Official statistics show population growth has slowed to its lowest in a decade following a 12 per cent drop in the number of immigrants in the year after the referendum.
There was a 43 per cent decrease in the number of people immigrating to look for work over the last year, with the fall in the number of EU jobseekers particularly stark.
Data published on Thursday shows there were an estimated 66,040,229 people living in the country at the end of June last year - a 0.6 per cent rise on a year earlier - marking the lowest growth rate since mid-2004.
The Office for National Statistics (ONS), which released the figures, said the EU referendum was likely to be one of the key drivers of the changes.
Leaders in the health and social care sector have also mounted concerns about its capacity to recruit and retain care staff from other EU countries after Brexit, warning that without the “major contribution” made by foreign workers, more elderly and disabled people will be driven into institutional care settings and away from independent living.
Caroline Abrahams, charity director at Age UK, told The Independent: “Social care is a fundamental public service on which millions of older people and disabled adults depend to live their lives. It is above all a 'people business', but it is proving difficult to attract enough high quality staff who want to engage in this demanding, albeit rewarding, work. Every day there are an estimated 90,000 vacancies in the social care workforce, and in some parts of the country especially a major contribution is made by care staff who have come here from abroad, both from within the EU and also far beyond it."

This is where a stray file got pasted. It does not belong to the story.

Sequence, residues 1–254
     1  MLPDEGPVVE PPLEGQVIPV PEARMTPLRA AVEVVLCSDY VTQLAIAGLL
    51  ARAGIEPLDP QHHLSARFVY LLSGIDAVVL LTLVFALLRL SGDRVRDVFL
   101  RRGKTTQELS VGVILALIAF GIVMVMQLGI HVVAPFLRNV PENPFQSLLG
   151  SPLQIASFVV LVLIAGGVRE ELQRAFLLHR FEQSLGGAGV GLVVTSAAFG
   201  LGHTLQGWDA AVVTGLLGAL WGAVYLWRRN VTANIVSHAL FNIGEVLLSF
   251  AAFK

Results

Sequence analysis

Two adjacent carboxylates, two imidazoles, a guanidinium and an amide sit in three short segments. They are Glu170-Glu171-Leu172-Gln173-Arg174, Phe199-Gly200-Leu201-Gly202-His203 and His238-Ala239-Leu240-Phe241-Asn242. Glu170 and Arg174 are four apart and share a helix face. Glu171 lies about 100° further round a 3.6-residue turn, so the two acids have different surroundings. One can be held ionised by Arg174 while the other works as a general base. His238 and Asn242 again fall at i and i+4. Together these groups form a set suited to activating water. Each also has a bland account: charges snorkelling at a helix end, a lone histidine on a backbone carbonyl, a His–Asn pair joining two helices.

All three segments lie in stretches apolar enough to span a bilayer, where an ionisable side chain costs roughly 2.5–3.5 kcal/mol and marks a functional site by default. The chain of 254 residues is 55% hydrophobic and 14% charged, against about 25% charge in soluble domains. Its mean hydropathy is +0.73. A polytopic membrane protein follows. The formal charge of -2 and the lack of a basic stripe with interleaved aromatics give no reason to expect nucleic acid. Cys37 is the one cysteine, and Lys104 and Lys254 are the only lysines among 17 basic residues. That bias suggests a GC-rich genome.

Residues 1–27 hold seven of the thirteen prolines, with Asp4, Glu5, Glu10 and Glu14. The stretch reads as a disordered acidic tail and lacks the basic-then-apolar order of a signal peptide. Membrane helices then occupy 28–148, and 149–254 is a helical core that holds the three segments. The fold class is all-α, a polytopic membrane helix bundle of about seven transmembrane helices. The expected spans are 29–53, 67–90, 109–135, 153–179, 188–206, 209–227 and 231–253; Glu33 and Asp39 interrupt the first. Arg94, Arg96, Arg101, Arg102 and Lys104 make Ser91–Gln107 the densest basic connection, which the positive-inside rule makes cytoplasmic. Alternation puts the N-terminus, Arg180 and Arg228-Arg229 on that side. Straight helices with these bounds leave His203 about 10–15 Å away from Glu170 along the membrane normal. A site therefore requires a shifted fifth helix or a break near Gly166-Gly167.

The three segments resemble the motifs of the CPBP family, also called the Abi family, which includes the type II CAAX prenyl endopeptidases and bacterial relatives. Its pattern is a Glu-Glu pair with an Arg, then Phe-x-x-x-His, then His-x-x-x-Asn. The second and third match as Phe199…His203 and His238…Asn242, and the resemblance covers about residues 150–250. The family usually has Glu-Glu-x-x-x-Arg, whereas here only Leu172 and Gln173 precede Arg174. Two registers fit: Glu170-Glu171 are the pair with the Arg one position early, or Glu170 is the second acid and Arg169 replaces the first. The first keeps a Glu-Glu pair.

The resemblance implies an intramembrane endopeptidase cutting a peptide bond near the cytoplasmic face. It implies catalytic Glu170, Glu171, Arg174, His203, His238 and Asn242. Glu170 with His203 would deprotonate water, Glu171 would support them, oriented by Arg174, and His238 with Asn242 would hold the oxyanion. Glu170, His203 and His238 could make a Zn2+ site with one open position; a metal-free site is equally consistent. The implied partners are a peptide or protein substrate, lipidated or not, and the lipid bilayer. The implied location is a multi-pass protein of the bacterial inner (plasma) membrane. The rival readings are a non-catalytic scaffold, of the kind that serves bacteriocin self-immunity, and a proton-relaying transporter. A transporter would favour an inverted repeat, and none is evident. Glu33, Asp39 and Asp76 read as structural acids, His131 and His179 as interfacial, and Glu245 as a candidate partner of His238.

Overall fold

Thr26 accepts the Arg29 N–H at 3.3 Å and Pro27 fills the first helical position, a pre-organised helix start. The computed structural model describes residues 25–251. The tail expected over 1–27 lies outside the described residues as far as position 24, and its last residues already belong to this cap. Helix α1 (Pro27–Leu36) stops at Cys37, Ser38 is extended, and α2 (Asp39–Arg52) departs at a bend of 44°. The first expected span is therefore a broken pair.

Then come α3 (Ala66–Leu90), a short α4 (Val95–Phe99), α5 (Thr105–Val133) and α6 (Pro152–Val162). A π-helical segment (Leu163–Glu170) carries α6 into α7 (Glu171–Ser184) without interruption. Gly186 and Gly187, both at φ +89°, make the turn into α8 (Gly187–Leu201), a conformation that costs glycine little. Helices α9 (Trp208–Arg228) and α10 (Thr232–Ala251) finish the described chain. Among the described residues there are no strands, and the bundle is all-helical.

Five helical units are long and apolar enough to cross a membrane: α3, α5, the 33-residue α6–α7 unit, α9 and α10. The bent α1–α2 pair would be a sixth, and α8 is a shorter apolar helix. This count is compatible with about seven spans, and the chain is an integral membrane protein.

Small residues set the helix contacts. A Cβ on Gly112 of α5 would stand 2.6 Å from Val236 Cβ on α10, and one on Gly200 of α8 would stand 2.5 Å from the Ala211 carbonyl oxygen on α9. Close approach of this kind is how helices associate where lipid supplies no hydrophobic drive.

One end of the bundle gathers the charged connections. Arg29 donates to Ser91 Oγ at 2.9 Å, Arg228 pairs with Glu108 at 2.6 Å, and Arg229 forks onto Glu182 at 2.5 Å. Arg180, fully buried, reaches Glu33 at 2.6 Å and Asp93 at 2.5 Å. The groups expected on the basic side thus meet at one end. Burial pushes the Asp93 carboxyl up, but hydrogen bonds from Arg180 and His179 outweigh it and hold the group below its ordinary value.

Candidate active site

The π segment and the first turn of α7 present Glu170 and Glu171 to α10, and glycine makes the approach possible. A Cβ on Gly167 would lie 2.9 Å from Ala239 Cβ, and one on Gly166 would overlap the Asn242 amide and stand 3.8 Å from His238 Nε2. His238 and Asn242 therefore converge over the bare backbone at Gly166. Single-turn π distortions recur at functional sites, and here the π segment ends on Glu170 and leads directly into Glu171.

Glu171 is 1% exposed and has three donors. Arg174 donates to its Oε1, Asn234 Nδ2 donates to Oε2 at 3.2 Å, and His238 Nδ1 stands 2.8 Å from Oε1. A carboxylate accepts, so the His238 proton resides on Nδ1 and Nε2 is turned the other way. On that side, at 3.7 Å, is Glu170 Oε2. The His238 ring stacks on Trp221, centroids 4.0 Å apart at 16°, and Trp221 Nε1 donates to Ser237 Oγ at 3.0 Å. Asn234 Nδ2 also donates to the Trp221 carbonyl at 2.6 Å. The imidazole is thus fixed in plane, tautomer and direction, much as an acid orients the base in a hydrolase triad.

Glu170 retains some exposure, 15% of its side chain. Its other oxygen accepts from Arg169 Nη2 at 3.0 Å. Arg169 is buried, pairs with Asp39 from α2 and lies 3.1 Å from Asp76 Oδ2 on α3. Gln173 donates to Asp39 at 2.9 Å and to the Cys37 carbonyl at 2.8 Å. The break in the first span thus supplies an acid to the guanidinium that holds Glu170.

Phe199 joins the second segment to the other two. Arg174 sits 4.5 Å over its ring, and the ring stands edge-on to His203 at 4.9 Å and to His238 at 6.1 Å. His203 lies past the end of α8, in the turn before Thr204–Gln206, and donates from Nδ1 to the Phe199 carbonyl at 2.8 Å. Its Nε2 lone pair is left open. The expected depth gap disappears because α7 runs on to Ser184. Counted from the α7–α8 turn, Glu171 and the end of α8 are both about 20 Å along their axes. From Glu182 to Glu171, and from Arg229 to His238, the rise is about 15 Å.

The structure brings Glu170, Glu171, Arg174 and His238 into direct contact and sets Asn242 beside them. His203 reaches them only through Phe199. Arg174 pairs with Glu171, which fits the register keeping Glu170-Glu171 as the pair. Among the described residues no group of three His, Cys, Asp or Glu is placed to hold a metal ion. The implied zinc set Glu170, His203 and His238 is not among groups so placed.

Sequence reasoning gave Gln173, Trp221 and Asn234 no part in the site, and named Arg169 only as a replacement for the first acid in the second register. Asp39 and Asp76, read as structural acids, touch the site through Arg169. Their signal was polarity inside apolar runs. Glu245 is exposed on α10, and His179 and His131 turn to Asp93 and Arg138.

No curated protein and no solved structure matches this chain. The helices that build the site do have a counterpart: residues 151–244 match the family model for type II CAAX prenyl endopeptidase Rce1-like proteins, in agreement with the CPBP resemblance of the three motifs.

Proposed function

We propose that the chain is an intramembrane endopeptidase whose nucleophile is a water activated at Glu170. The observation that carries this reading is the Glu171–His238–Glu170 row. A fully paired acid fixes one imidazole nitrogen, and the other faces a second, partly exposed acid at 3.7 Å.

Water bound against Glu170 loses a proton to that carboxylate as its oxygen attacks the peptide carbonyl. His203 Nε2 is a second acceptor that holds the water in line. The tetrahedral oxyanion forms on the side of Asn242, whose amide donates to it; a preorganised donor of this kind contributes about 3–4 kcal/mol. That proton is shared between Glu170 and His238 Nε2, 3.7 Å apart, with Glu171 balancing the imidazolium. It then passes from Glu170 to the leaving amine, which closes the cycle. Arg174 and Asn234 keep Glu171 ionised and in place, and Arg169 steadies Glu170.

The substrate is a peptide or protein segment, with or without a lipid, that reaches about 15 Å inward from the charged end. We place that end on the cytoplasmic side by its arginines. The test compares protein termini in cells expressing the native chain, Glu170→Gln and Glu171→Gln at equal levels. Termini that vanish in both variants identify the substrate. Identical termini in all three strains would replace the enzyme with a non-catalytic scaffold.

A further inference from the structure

Phillip Connolly, policy manager at Disability Rights UK, echoed her concerns, saying: “These sectors are largely made up of people from overseas, but more and more of these people have been deterred from coming following the Brexit referendum.
Chai Patel, policy director at the Joint Council for the Welfare of Immigrants (JCWI), claimed the UK was becoming a “less welcoming” place for migrants, and warned that this would be a “very serious” problem for public services and Britain’s economic future.
“Immigrants pay more into public services than they take out, so if you’ve got fewer migrants coming in then you’ve got an issue with filling public sector jobs – particularly in the NHS – which is obviously disastrous,” he said. “This kind of decline is not something that the government can just reverse by changing a policy. Once you become somewhere that’s not attractive, you can’t just turn on the tap again and say now we want more immigrants when you need people to fill NHS jobs and pick up the rotting fruit in the fields. You get stuck in the spiral of not being able to get the people you need. Given that this decline is happening before we’ve actually changed any laws, it shows people are making the choice to leave or fewer people are making the choice to come here, and that’s not something this government can choose to reverse when it’s convenient.”